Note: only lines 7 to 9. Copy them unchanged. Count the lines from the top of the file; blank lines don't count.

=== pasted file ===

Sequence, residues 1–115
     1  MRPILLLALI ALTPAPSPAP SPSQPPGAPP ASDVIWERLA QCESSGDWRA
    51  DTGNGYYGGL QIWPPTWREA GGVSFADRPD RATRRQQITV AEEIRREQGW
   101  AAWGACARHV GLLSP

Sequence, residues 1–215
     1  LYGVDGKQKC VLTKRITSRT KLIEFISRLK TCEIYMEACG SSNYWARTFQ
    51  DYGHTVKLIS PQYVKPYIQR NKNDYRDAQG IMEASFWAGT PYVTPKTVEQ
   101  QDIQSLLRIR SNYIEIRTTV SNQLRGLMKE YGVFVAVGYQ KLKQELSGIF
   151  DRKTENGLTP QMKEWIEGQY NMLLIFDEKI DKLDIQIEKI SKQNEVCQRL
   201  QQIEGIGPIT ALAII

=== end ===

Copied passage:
    51  DYGHTVKLIS PQYVKPYIQR NKNDYRDAQG IMEASFWAGT PYVTPKTVEQ
   101  QDIQSLLRIR SNYIEIRTTV SNQLRGLMKE YGVFVAVGYQ KLKQELSGIF
   151  DRKTENGLTP QMKEWIEGQY NMLLIFDEKI DKLDIQIEKI SKQNEVCQRL